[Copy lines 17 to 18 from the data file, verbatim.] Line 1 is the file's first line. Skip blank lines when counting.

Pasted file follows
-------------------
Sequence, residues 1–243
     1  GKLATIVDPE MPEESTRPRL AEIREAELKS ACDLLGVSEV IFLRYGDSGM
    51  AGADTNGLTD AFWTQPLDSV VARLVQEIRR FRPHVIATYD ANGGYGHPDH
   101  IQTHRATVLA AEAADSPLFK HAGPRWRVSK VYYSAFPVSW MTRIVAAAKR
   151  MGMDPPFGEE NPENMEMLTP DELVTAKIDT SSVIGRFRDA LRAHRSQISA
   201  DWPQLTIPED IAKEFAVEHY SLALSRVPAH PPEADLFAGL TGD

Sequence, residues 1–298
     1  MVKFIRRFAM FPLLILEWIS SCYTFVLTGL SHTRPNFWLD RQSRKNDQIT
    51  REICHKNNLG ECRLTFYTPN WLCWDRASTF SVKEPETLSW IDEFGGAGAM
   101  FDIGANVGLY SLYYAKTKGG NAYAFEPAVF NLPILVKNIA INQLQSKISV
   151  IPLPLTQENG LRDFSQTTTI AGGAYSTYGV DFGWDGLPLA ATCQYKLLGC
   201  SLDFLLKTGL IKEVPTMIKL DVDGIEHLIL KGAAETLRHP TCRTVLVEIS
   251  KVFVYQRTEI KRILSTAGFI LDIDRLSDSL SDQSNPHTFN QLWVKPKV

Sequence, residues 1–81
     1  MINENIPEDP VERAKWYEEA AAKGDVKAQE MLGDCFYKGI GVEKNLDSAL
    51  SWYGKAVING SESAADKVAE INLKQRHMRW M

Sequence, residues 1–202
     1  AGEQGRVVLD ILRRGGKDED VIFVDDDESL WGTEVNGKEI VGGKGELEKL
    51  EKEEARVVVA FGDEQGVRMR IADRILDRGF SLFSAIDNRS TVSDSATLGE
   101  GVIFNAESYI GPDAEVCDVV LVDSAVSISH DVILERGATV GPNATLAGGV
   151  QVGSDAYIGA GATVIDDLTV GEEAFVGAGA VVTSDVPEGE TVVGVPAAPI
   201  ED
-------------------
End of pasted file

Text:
Sequence, residues 1–202
     1  AGEQGRVVLD ILRRGGKDED VIFVDDDESL WGTEVNGKEI VGGKGELEKL